Many large-scales declines of seagrass meadows, affecting several different species in a wide geographical range, have been reported in recent decades (8); in more than 70% of the cases, human-induced disturbances have been held responsible for them (8, 21). Thalassia testudinum, in particular, is a species with a well-documented history of large die-offs and local declines (2, 12, 14, 17). Human-related changes in nutrient levels, salinity, composition of the biological community and climate have been identified as sources (or potential sources) of disturbance for this species. Changes in nutrient levels: eutrophication. Population growth and the massive use of fertilizers in agriculture have led to a generalized exponential increase in nutrient inputs to the coastal zones (8), which is most likely the main cause of seagrass decline worldwide (8). The most common mechanism for seagrass decline under eutrophic conditions is light reduction through stimulation of epiphytes, macroalgae and phytoplankton overgrowth (1, 7), although direct physiological responses such as ammonium toxicity may also contribute (1). Specifically, seagrass leaves are often densely covered by epiphytic algae which can suppress seagrass productivity through the development of a thick coat as a result of nutrient enrichment (6, 7, 8); it has been proposed as a major mechanism for declines of seagrass meadows, and the importance of this factor has been experimentally proved for Th. testudinum (6, 7). However, it seems that the net effect of epiphytes on seagrass growth depends on a complex variety of ecological factors (7, 8). In a mesocosm experiment designed to test the effects of nutrient addition on the interactions among grazers, epiphytes, and Th. testudinum, it was shown that those effects depended critically on the intensity of grazing: in the presence of grazers, the turtle grass tended to produce a greater biomass in the tanks with higher nutrient load, but when grazers were absent, the direction of the effect was reversed, and plants with nutrients added grew less than the control plants (7). Obviously, the control exerted by nutrient loads on this species’ productivity can led to shifts on the community composition and even to drastic alterations in seagrass beds dominance (1). The occurrence of those shifts has been experimentally demonstrated in Florida bay, where some areas previously dominated by Th. testudinum were intentionally fertilized with bird guano for eight years. For the first two years, T. testudinum production was positively affected by the nutrient enrichment, but gradually Halodule wrightii, normally an early-successional species in subtropical habitats, colonized the beds, and by the end of the study accounted for 97% of the aboveground seagrass biomass (1, 5). This shift in species dominance persisted at least eight years after nutrients were no longer added, suggesting that once an area has been fertilized, the system can be resistant to change (1). The importance of considering watershed nutrient loads rather than water-column nutrient concentrations in assessing enriched conditions for Th. testudinum meadows (1) was shown in Sarasota Bay, Florida (24). There, the biomass and productivity of this species were negatively correlated with watershed N loads but not with water-column nutrient concentrations as assessed by routine monitoring programs (24). It demonstrates that the search for reliable early indicators of nutrient overenriched seagrass meadows is an urgent necessity in order to provide an effective management of these ecosystems (1); direct measures of water-column nutrients are generally ineffective, since in early phases of eutrophication the nutrients are rapidly taken up by plants, adsorbed to particulate sediments, or otherwise removed from the water (1). Changes in salinity. The role of human-induced changes in salinity as a possible cause of seagrass losses is not well understood (8). Some studies suggest that Th. testudinum meadows do not show an inmediate response to increased salinity; for example, a turtle grass meadow remained unaffected after more than six months exposure to the direct discharge of brine from a desalination plant (22). However, decreased freshwater inputs due to human activities have been proposed as a triggering factor for the most important die-off of Th. testudinum known to date, which occurred in Florida Bay in 1987 (17). About a third of the dense seagrass beds of western Florida were impacted over a period of just a year; 4,000 hectares were denuded and an additional 23,000 hectares were affected to a lesser degree (2, 17). This die-off was probably the result of complex processes caused by an interaction of several factors (1), including eutrophication, enhanced pathogen virulence and elevated water temperatures (1, 12, 14, 16), but several authors indicate that increased salinity was a key factor in the initiation of this phenomenon (8, 12, 16, 27). Groundwater flow into the bay decreased as a result of extraction of water from the region’s aquifers (8, 27); canal construction, which diverted drainage water, further contributed to a diminished freshwater inflow (8, 27). This decrease in freshwater inflow supposedly caused a gradual transition in the original composition of the seagrass vegetation, resulting in dense monospecific meadows of Th. testudinum (27) that suffered a sudden decline, probably as a consequence of sulfide self-poisoning and other effects (1, 8, 12, 16). Changes in composition of the biological community: invasive species. A recent literature review has revealed that at least 56 non-native species, primarily invertebrates and seaweeds, have been introduced to seagrass meadows all around the world, largely through shipping/boating activities and aquaculture (26). There is, however, few specific data about the effects of these invasions, particularly for seagrass community structure and function (26). Th. testudinum meadows have been locally colonized by the invasive green alga Caulerpa ollivieri Dostál, native from the Mediterranean Sea (26). To date, this alga has been reported from the Bahamas (11) and the Gulf of Mexico (9). A negative effect of C. ollivieri on Th. testudinum, by direct displacement, has been observed (11, 26). Eutrophication is considered a facilitating factor in the successful colonization of the meadows by C. ollivieri (11); in the locations were this invasive was recorded, Th. testudinum was covered by epiphytic algae, as typical under conditions of high nutrient loads, and C. ollivieri exhibited higher nutrient contents than native Caulerpa species, which was considered evidence for the role of sewage-derived nitrogen in its successful introduction (26). This proposition is consistent with the results of recent experiments in several different seagrass ecosystems, which confirmed that disturbance contributes to the invasibility of seagrass beds (26). Given the reduced knowledge about the role that introduced species, combined with nutrient pollution may play in global seagrass decline, more definitive studies and comprehensive surveys are required in this field (26). Climate change The global change in Earth’s systems and functioning which is currently taking place, mainly due to anthropogenic release of greenhouse gases into the atmosphere, is likely to alter to some degree most of the terrestrial and marine ecosystems. Seagrass meadows in general, and Th. testudinum populations in particular, may potentially be impacted by many factors related to climate change, including higher atmospheric concentration of CO2, higher temperatures, rising sea level, increase in the frequency and intensity of storms and increase in UV-B radiation (20). Rising levels of atmospheric CO2, and the consequent alterations in the CO2/HCO-3 equilibrium in marine water, is expected to have significant effects on seagrasses. Seagrass photosynthesis is frequently limited by the availability of dissolved inorganic carbon under natural conditions (20); it has been experimentally shown for Th. testudinum (3). This carbon limitation has been attributed to the thickness of the diffusion boundary layer surrounding leaf surfaces or to a relatively inefficient HCO-3 uptake system (20), factors which vary according to each species morphology and physiology (8). Differences among species in the ability to compete for carbon would be expected to lead to shifts in species abundances and distributions, but long-term experimental studies of seagrass community responses to carbon enrichment are lacking (20). In a similar way, increasing water temperature will directly affect seagrass metabolism, which may result in changes in patterns of species abundance and distribution (20). These direct effects will depend on the individual species’ thermal tolerances and their optimum temperatures for photosynthesis, respiration, and growth. Rising temperatures may also alter seagrasses through direct effects on flowering and seed germination (20); in Th. testudinum, flowering is apparently controlled by the water temperature (15), which implies that a phenological impact could be expected. As a consequence of global higher temperatures, which produce a thermal expansion of ocean water and an acceleration of polar ice cap melting (10, 20), sea level has been rising steadily along the 20th century (10). According to the IPCC 4th Assessment Report, the global average sea level rose about 3.1 mm/year over 1993 to 2003 (10); by the end of 21th century the projected level rise will go from 0.18 m to 0.59 m, depending on the emission scenarios (10), but the used model excludes future rapid dynamical changes in ice flow, which are likely to occur, resulting in even larger figures. The greatest direct impact of an increase in sea level will be an increase in the depth of water and the consequent reduction in available light to the bottom (20). A primary effect of increased water depth will be to alter the location of the maximum depth limit of plant growth, directly affecting seagrass distribution (20). Increased global temperatures are expected to increase the intensity and frequency of extreme weather events (4). A regime of increased storm disturbance may lead to a decrease in distribution of climax species like Th. testudinum and an increase in abundance of early colonizing and mid-successional species within the seagrass community (20). It is due to the fact that recolonization in seagrasses occurs primarily by means of horizontal rhizome growth and branching; in Th. testudinum the rates for both processes are slow [around 70 cm/year for horizontal rhizome growth, and a branching rate of 1 branch/1600 internodes (8)] compared with the growing rates showed by other smaller seagrasses (8). There is a general agreement that increases in the amount of UV-B radiation reaching the surface of the Earth will produce both mutagenic and physiological damage in plants, including seagrasses (20). For three seagrass species occurring in the Caribbean (Th. testudinum was not included in the study), it was shown that increased UV-B radiation negatively impacted their photosynthetic capacity (25). Under ozone depletion, increased UV-B radiation is most likely to affect tropical seagrass systems such as Th. testudinum meadows, where the greatest amount of direct UV light reaches the Earth’s surface (20).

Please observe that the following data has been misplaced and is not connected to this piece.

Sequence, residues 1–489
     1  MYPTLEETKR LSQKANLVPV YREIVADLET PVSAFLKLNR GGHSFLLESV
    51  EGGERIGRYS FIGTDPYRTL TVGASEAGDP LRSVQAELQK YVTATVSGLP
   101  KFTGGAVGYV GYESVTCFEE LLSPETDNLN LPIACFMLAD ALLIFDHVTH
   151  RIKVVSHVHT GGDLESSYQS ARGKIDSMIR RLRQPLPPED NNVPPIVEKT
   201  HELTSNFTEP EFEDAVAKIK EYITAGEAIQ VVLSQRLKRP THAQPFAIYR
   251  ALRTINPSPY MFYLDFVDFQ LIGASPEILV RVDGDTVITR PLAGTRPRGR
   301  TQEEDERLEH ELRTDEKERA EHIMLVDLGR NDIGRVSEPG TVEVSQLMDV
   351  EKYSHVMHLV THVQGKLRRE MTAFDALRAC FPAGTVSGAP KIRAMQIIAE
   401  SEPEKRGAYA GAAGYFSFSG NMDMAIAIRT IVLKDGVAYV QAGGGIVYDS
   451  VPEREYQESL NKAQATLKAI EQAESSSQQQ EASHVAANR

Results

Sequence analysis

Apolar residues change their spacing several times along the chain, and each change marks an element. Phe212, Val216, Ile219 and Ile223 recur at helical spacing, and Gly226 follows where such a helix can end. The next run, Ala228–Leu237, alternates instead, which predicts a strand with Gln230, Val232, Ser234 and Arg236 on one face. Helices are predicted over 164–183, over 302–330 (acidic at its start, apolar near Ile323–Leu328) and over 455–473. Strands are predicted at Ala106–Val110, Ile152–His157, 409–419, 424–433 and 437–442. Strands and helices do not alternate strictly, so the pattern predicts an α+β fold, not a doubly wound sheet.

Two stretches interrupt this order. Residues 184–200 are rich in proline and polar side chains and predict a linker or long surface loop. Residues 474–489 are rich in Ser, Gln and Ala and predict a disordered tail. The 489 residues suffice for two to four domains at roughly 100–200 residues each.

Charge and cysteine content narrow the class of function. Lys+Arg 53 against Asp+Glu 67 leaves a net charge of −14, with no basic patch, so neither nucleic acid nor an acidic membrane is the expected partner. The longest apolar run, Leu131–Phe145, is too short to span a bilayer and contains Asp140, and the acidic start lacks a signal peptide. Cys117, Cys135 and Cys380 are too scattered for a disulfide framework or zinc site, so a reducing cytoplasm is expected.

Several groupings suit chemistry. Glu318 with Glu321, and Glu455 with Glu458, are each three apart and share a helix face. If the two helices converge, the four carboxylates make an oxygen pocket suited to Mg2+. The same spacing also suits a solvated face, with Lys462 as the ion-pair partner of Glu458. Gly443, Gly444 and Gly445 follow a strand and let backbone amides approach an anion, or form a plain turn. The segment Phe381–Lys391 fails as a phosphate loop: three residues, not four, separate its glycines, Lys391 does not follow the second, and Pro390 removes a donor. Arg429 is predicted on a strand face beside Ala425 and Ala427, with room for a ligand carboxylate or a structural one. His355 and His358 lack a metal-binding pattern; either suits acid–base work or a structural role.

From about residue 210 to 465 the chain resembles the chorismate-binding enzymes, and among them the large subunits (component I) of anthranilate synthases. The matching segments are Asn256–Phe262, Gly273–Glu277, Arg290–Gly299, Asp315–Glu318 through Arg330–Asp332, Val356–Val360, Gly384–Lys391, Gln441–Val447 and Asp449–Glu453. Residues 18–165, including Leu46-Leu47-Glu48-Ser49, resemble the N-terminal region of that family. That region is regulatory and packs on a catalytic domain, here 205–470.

Management

    Management
    provided by EOL staff

    Rudnick et al. (2005) emphasize that if the state of the seagrass community is to be used as a criterion to guide and assess the success of environmental restoration efforts, scientists and managers must specify the desirability of alternative states. Based on studies of historic changes of seagrass communities in Florida Bay and anecdotal information. it is likely that the Florida Bay of the 1970s and early 1980s, with lush T. testudinum and clear water, was probably a temporary and atypical condition. From an ecological perspective, restoration should probably strive for a more diverse seagrass community with lower T. testudinum density and biomass than during that anomalous period. (Rudnick et al. 2005 and references therein)

    If efforts to restore the Everglades are successful, patterns of freshwater flow toward more natural patterns will drive Florida Bay’s seagrass community and trophic web toward its pre-drainage condition. Decreased salinity caused by increasing freshwater flow would likely have a direct effect on seagrass communities through physiological mechanisms, resulting in greater spatial heterogeneity of seagrass beds, a decrease in the dominance of T. testudinum, and an increase in coverage by other seagrass species. Decreased salinity would also likely decrease the infection of T. testudinum by the slime mold Labyrinthula. Light availability depends on phytoplankton growth and sediment resuspension, which in turn depend on nutrient availability, grazing, and stabilization of sediments by seagrass beds. (Rudnick et al. 2005)